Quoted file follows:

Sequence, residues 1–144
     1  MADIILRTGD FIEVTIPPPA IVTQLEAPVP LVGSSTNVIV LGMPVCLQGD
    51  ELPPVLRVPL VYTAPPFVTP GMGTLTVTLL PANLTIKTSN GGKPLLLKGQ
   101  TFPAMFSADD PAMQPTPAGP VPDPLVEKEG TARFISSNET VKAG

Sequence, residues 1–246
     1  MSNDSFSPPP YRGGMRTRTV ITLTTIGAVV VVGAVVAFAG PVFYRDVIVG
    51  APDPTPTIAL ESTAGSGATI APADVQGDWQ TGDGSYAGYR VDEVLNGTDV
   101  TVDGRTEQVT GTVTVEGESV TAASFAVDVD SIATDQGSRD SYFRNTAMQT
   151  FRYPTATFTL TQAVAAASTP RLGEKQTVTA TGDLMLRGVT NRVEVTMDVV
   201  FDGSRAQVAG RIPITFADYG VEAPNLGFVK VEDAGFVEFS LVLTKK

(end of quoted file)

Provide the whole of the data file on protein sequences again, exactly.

Sequence, residues 1–144
     1  MADIILRTGD FIEVTIPPPA IVTQLEAPVP LVGSSTNVIV LGMPVCLQGD
    51  ELPPVLRVPL VYTAPPFVTP GMGTLTVTLL PANLTIKTSN GGKPLLLKGQ
   101  TFPAMFSADD PAMQPTPAGP VPDPLVEKEG TARFISSNET VKAG

Sequence, residues 1–246
     1  MSNDSFSPPP YRGGMRTRTV ITLTTIGAVV VVGAVVAFAG PVFYRDVIVG
    51  APDPTPTIAL ESTAGSGATI APADVQGDWQ TGDGSYAGYR VDEVLNGTDV
   101  TVDGRTEQVT GTVTVEGESV TAASFAVDVD SIATDQGSRD SYFRNTAMQT
   151  FRYPTATFTL TQAVAAASTP RLGEKQTVTA TGDLMLRGVT NRVEVTMDVV
   201  FDGSRAQVAG RIPITFADYG VEAPNLGFVK VEDAGFVEFS LVLTKK